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November 6, 2012

State Questions gain approval from voters

OKLAHOMA CITY — Oklahoma voters approved all six state questions during Tuesday’s election.

Property Tax Cap Lowered
Voters approved a constitutional amendment that limits the yearly increase in some property taxes to 3 percent.
The amendment’s passage Tuesday means the maximum increase will be lowered from 5 percent. It goes into effect Jan. 1 and only applies to homestead exempted property and agricultural land.
Supporters say limiting the increase to 3 percent yearly will reduce financial hardships on homeowners, particularly those on fixed incomes.
Opponents argued the limit would primarily benefit the wealthy and would result in a loss of revenue for schools, libraries, local governments, the career-tech system and state-funded health services.
DHS Restructured
Voters approved a measure to restructure the state's troubled human services department.
Supporters say it will add accountability to a department that has struggled with a string of child neglect cases and a class-action lawsuit in recent years.
The measure abolishes the title of the agency, its board of commissioners and its ability to set policy. It shifts oversight and power to the governor's office, which will appoint the agency’s director with the consent of the Oklahoma Senate.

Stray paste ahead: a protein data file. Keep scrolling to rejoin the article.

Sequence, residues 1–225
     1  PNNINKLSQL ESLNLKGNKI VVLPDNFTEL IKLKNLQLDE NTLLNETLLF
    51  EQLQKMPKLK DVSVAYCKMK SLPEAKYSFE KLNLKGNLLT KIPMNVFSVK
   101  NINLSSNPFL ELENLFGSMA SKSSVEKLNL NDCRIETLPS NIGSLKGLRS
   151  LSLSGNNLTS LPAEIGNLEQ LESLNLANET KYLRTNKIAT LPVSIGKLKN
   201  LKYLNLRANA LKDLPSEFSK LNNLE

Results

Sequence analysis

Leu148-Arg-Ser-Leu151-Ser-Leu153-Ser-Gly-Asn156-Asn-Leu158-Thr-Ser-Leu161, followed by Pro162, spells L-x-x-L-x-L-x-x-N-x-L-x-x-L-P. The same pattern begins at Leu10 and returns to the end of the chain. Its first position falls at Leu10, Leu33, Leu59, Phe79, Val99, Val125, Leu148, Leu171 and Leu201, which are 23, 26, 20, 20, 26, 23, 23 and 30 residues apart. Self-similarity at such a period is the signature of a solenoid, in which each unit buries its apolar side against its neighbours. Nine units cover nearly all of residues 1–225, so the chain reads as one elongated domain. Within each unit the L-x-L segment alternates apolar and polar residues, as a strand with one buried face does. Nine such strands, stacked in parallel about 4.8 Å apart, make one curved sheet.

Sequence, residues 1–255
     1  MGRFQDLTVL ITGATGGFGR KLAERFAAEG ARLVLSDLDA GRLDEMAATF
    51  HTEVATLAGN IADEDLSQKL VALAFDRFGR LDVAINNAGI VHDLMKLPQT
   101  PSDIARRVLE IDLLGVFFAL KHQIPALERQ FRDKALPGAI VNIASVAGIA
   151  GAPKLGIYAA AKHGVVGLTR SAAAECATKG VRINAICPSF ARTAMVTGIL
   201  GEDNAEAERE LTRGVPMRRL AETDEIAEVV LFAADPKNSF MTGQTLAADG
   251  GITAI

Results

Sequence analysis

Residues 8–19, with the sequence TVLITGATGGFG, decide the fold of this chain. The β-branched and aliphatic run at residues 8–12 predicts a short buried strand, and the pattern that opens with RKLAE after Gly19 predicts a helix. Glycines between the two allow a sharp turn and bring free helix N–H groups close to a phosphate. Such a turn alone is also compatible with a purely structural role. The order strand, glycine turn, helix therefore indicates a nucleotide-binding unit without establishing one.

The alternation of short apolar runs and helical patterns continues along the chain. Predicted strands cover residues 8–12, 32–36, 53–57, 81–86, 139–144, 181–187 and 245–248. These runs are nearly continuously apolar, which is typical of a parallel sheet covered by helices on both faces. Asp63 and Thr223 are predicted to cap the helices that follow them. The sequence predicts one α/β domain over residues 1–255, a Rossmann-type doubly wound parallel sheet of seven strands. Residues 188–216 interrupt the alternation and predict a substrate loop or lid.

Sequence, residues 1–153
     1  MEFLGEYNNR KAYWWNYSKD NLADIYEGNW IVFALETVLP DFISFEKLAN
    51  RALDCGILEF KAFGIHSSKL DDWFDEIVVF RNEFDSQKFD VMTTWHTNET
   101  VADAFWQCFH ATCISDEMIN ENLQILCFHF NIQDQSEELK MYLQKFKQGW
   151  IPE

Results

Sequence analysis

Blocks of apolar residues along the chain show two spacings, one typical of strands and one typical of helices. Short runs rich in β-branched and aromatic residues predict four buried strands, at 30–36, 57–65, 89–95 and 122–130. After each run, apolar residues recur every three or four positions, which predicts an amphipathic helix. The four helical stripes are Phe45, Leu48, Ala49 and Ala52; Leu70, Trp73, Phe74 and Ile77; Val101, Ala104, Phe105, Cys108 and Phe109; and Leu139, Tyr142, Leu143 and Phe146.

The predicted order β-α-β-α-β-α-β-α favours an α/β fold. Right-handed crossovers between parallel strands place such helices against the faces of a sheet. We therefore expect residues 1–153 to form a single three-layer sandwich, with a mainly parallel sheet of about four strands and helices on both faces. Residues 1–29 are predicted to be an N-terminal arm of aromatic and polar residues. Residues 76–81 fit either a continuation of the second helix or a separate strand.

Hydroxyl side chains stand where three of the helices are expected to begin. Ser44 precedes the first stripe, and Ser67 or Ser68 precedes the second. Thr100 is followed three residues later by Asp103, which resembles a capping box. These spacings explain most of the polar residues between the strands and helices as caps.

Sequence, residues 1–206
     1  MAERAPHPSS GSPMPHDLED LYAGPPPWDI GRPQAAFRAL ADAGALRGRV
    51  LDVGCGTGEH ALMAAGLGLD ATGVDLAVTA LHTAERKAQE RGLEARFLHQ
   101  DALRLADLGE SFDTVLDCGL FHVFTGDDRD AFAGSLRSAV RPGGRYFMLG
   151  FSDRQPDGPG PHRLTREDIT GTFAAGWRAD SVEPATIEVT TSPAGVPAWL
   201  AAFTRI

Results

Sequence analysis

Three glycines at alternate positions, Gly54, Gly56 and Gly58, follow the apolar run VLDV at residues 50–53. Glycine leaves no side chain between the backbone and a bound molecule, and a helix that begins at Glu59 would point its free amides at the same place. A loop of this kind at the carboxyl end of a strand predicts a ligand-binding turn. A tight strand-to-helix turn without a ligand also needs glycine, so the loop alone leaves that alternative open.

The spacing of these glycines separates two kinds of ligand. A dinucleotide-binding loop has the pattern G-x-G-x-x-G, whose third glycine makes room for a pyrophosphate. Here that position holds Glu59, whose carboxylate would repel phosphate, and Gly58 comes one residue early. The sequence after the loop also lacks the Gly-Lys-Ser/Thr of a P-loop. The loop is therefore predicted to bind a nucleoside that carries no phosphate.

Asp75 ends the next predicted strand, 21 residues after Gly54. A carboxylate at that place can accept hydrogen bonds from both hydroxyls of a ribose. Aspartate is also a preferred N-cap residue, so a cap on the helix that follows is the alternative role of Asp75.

Opponents of the measure say it goes too far in trying to right the agency’s past mistakes.
But Gov. Mary Fallin has said the measure will complement Oklahoma’s Pinnacle Plan, a $153 million blueprint for overhauling the foster care system over the next five years.
Governor Out of Pardon and Parole Process
A proposal to take the governor out of the pardon and parole process for nonviolent offenders was approved by voters Tuesday.
The proposal was among six state questions decided in statewide balloting Tuesday.
Under the proposal, the Oklahoma Constitution will be amended to increase the power and authority of the state Pardon and Parole Board. It will remove the governor from the pardon and parole process for people convicted of nonviolent offenses and grant that authority solely to the board.

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